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Have you been maintaining your pet's preventive care visits? If your pet has not been receiving annual examinations, now is the time to do so, to ensure optimal health for your pet.
While many lumps and bumps are benign, some can present serious health implications for your pet.
Wouldn't you want to know if something was getting in the way of your pet's health?
When was the last time your pet visited the veterinarian? If you answered "not in a while," it is time to book your next appointment. Have you recently discovered a lump or bump on your pet? Don't let that new discovery go unexamined. While it may be completely benign, it is essential for your pet's health to make an appointment with your veterinarian soon after discovery. Ruling out health concerns such as tumors, cysts, and infections will help to keep your pet healthy.
Without regular veterinary visits, subtle illnesses such as pet lumps and bumps can go unnoticed and develop into more serious health concerns such as cancers, arthritic conditions, and infections. When you brush and groom your pet, feel around behind ears, along the neckline, underneath their bellies and along legs and joints for wounds, lumps, and bumps.
Your groomer can help discover things you may miss. Furrier animals can hide lumps and bumps for a long time without anyone noticing until the animal becomes sick. While many pet owners consider grooming a pampering ritual for pets, it could be life-saving, especially when you choose a groomer who works in an environment with a veterinarian on site.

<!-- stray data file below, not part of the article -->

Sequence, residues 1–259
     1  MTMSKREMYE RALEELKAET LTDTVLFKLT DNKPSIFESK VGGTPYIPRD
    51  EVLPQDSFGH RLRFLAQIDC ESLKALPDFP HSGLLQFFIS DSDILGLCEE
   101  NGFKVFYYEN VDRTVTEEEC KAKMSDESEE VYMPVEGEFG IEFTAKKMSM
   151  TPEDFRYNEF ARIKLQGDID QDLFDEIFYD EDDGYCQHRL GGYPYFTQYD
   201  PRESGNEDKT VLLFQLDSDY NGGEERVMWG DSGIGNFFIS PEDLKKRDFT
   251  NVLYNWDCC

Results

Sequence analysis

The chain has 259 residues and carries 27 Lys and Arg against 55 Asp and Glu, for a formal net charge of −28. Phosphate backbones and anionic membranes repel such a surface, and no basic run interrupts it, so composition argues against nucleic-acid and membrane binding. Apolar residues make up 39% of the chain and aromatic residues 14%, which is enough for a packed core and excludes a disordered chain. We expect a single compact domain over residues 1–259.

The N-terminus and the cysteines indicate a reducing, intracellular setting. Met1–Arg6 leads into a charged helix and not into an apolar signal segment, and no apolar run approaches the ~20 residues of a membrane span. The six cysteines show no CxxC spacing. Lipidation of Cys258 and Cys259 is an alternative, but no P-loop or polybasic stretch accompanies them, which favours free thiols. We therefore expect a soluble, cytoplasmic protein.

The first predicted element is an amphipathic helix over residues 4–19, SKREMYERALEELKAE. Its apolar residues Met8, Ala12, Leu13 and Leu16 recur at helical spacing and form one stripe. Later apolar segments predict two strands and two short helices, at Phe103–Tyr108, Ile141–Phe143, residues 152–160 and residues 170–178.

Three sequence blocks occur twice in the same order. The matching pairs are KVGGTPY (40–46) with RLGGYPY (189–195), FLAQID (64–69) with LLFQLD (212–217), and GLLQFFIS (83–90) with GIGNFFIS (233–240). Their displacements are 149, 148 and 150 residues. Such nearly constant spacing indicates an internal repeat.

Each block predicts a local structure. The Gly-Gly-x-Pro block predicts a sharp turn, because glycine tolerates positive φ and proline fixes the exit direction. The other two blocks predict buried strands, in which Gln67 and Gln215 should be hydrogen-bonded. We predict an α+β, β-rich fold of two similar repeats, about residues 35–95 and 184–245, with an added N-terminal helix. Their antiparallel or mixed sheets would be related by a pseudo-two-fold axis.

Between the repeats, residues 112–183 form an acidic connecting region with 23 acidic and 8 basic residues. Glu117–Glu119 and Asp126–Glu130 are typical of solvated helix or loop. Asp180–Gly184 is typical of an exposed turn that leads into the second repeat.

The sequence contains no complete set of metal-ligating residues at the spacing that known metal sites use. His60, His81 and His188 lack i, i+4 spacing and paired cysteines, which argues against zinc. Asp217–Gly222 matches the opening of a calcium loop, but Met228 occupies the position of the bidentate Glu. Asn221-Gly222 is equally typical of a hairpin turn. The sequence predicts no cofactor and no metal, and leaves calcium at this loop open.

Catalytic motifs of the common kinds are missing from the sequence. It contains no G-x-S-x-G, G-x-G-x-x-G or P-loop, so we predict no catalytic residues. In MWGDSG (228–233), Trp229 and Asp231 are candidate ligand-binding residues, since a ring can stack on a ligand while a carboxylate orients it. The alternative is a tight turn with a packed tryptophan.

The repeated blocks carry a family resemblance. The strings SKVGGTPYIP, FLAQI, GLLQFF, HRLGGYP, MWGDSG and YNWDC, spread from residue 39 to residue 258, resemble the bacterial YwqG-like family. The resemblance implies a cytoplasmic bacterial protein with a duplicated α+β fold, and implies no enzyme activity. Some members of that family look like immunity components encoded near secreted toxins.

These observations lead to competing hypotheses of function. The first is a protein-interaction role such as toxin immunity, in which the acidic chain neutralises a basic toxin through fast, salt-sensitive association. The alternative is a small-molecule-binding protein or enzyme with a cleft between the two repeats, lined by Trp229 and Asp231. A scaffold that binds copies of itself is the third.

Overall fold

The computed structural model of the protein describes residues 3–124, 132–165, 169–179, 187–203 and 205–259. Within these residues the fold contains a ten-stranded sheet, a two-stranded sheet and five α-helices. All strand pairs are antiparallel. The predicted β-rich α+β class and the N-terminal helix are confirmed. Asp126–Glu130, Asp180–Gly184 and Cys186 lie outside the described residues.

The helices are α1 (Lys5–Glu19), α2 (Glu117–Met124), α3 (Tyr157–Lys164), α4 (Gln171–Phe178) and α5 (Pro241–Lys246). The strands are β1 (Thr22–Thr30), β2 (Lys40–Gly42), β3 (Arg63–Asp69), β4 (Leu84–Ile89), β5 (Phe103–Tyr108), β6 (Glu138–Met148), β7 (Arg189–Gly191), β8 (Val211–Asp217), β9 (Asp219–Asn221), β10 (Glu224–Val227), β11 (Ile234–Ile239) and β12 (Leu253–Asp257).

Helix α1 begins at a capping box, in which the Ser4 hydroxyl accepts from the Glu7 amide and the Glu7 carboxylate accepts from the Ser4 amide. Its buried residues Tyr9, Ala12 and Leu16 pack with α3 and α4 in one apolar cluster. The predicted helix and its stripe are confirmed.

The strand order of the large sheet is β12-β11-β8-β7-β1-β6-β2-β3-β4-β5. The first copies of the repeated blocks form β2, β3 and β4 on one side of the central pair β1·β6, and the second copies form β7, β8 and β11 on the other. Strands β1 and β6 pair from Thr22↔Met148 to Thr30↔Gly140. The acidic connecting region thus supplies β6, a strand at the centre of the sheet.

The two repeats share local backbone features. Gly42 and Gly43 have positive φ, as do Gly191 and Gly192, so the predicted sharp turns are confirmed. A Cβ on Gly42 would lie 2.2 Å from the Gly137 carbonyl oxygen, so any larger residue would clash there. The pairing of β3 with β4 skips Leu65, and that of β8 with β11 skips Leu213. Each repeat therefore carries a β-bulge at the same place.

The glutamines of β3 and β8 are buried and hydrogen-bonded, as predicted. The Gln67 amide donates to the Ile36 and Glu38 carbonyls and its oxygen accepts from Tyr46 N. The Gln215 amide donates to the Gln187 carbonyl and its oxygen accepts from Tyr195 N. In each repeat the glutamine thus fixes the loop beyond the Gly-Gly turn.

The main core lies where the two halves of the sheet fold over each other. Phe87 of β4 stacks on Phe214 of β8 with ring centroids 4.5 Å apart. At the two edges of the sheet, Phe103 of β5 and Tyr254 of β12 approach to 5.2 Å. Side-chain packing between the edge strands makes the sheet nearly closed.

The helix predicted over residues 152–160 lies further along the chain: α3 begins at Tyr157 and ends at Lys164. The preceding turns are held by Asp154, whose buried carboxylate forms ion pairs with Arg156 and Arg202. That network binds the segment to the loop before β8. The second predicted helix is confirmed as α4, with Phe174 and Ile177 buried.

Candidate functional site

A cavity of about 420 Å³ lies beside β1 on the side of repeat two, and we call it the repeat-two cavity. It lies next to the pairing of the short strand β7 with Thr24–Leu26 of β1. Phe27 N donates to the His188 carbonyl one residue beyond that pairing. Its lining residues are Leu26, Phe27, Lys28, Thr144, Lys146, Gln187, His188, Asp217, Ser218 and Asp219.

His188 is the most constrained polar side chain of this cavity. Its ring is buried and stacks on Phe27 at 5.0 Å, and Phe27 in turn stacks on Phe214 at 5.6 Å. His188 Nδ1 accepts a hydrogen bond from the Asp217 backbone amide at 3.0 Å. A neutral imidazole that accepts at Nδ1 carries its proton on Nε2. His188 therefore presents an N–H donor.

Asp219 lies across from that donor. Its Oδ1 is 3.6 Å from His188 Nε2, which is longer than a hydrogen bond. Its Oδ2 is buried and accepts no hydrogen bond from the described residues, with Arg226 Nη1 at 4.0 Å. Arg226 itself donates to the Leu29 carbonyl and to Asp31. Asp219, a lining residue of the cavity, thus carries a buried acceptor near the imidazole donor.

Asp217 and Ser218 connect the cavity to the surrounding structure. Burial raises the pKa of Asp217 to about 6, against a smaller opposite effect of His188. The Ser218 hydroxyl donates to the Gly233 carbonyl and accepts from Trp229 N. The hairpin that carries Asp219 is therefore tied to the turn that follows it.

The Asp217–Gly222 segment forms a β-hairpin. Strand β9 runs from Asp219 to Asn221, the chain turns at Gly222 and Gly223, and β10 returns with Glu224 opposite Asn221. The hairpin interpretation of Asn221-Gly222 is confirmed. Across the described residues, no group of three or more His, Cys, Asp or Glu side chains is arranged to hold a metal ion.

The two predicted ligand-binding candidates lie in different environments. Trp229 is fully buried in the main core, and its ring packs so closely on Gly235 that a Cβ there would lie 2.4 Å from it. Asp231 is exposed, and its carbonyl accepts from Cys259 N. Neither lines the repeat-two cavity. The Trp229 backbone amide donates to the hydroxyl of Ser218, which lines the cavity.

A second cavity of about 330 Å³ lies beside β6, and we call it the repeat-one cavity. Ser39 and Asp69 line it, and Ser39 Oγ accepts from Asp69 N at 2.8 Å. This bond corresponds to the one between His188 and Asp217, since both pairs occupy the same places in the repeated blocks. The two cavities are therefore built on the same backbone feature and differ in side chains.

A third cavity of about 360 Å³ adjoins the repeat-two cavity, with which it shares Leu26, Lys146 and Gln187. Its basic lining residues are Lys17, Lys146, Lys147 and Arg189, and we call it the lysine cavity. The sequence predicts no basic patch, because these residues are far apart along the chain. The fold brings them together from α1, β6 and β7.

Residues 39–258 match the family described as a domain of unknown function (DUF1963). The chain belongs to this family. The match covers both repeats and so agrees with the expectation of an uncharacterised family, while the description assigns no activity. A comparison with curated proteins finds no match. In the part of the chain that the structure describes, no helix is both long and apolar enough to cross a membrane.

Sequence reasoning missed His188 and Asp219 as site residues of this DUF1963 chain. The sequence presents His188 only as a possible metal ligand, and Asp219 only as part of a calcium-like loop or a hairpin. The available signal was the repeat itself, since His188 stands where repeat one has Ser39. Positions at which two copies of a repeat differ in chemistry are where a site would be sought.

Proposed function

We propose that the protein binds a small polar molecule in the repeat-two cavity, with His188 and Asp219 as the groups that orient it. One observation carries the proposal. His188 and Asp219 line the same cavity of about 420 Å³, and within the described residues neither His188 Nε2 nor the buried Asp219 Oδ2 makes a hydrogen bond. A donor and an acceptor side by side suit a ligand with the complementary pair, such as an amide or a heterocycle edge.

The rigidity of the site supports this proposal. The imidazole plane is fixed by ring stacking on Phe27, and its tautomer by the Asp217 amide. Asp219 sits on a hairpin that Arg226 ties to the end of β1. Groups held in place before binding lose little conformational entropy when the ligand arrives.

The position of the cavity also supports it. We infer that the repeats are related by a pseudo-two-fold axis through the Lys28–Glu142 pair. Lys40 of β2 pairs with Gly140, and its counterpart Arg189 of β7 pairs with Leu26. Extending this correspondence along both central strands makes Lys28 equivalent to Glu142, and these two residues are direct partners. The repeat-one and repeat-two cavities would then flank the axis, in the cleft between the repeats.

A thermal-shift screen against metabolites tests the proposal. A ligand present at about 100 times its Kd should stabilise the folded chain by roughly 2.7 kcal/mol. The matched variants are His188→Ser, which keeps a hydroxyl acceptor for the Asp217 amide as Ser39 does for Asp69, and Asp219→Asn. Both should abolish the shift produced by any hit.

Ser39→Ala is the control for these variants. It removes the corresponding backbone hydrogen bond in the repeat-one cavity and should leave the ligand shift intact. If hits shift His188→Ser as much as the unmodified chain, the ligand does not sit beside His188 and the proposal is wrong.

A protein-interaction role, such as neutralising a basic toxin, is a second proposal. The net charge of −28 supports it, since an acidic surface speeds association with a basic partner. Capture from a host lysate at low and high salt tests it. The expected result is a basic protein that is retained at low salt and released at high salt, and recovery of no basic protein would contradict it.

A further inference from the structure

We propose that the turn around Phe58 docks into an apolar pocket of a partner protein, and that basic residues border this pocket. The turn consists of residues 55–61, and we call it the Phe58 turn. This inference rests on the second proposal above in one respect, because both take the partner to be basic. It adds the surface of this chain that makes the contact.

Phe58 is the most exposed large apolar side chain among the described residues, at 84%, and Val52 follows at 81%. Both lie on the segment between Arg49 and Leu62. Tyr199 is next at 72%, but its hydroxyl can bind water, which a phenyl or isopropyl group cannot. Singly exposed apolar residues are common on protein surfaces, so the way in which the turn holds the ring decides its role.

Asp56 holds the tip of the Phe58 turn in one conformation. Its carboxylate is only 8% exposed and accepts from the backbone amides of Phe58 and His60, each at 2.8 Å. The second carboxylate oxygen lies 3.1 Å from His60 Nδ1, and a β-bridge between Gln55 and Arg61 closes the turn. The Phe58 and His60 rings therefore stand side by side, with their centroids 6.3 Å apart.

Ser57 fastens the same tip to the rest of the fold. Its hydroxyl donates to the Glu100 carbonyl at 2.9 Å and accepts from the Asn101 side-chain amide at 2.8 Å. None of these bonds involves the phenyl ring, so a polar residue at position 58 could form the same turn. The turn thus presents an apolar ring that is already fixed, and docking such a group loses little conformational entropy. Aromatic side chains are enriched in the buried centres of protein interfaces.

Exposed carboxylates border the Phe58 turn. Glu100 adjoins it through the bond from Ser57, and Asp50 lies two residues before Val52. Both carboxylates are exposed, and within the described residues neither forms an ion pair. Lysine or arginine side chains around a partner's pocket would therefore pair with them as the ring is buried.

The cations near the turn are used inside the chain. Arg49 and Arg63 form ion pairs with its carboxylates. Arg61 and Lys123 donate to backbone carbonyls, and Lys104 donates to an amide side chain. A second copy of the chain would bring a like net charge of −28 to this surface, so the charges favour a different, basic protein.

There are many types of masses, but a lipoma is the most common lump found on pets. This soft, round or flat, and painless lump presents just under your pet's skin and is generally benign, although, rarely a liposarcoma is found. More of a problem though, is that mast cell tumors, a type of skin cancer, can look and feel just like a lipoma. Because of this, it is always best for your pet's overall wellness to have these lumps and bumps accurately evaluated and diagnosed.
Occasionally benign masses can grow into other surrounding tissues. While the actual lump itself is not a concern, the tissue it can disrupt sometimes is problematic. The mass may affect the way a limb moves, or an eyelid closes. In some cases lumps must be removed surgically, and removing them early is the key.
Goodman Lee, Jessica, “Lumps & Bumps: Team Training Plan.” Veterinary Team Brief, 2013.
News & Upcoming Events
Go to our promotions page to print off a coupon for 50% off your pets Initial Examination fee!
Payment is expected at the time services are rendered.
We accept Visa, Master Card, Discover, American Express, debit, and cash.
We apologize for any inconvenience however, John Rolfe cannot extend credit to our clients. We wish we could do what we do for free but, (until we win the lottery) our fees are as low as we can possibly make them and still be available for the next pet who needs us. Please, if you need to borrow money and do not have credit available, turn to your family, friends, or employers to lend you the money and make arrangements to pay them back. Your pet is your responsibility and we will do what we can to help you through a difficult time, but we cannot be financially responsible for you and your pet.
We also accept Care Credit which you can apply for at carecredit.com. Care Credit offers a 6 month/no interest plan.
"Everyone is accommodating, welcoming, caring! My baby is a wonderful Lab Mix senior girl, 16, with specific medical needs. I wanted a Vet close who cared, gave great attention and treatment. I toured, discussed needs, each visit Staff pampers her!"
"A fantastic facility and team....would not trust my pet with anyone else!"
"Despite being the last appt of the day no one made us feel rushed. Everyone was friendly, helpful, and knowledgeable."